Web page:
dc.contributor.advisor Miller, Kara Jhalak
dc.contributor.author Pivar, Amy
dc.contributor.department Dance
dc.date.accessioned 2022-07-05T19:58:25Z
dc.date.available 2022-07-05T19:58:25Z
dc.date.issued 2022
dc.description.degree M.A.
dc.identifier.uri https://hdl.handle.net/10125/102213
dc.subject Dance
dc.subject aging and dance
dc.subject dance archive
dc.subject Louise Lecavalier
dc.subject pandemic dance
dc.subject postmodern dance
dc.subject screendance
dc.type Thesis
dcterms.abstract ABSTRACT Reshaping personal narratives is important for older professional dance artists to maintainlongevity in an aging body. Inevitable physical constraints, economic and career challenges, and family responsibilities, create obstacles in the body/mind. How do dancers pivot those intervals of crisis into reinvention? Making opportunities to synthesize one’s life work and situated knowledge for personal nourishment and professional validation, can also contribute to the field of dance. One approach is to turn a lifetime of embodied dance knowledge into a written document to grow the dancer’s voice in the scholarly dialogue. A rare artist who continues to inspire is French Canadian dancer/choreographer Louise Lecavalier, who, well into a successful performing career, offered her first major choreographed work, So Blue at age 57. Sparked by seeing So Blue at New York Live Arts in 2015, and entering graduate school at the University of Hawai‘i Mānoa in 2017, I began to look at issues related to age(ing) dancers, which culminated in a series of five personal reflection essays that track my Practice-as-Research (PaR) project. I began making screendance self-portraits that employed newly learned digital dance technologies. Then came the COVID-19 pandemic lockdown and I turned toward self-reflexive research, as corroborated in the writings of Kim Etherington and Lynette Hunter. Lecavalier’s So Blue inspired me to research my past dance works, previously buried with the stain of tragedy and betrayal. I designed a PaR archiving process to de-traumatize my personal and political narrative in dance to recast my memories and stories. I digitized, viewed, and responded to old works and then shared them with dance colleagues and conducted follow-up interviews with Patricia Chen, Seán Curran, Janet Lilly and Lisa Sokolov. I have discovered that the practices of making self-portrait screendances, and of engaging with my own ‘de-traumatizing the archive’ process, has proven to be an effective method to dissolve embodied negative psychological imprints thereby enabling me to bring my dances into the light of day. My personal experiential knowledge as a dance artist, who came to academia later in life, can be a valid contribution to the collective insight, by creating a revived constellation of dance connection to add to the bricolage of stories.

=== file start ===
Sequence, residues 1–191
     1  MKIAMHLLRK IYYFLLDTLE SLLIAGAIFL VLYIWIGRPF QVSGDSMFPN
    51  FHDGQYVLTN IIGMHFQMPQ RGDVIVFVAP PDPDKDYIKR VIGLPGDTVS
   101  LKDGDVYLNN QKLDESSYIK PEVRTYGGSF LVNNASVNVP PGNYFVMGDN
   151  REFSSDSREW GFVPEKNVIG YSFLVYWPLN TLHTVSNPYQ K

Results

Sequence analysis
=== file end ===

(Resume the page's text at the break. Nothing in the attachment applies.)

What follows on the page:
dcterms.extent 185 pages
dcterms.language en
dcterms.publisher University of Hawai'i at Manoa
dcterms.rights All UHM dissertations and theses are protected by copyright. They may be viewed from this source for any purpose, but reproduction or distribution in any format is prohibited without written permission from the copyright owner.
dcterms.type Text
local.identifier.alturi http://dissertations.umi.com/hawii:11325
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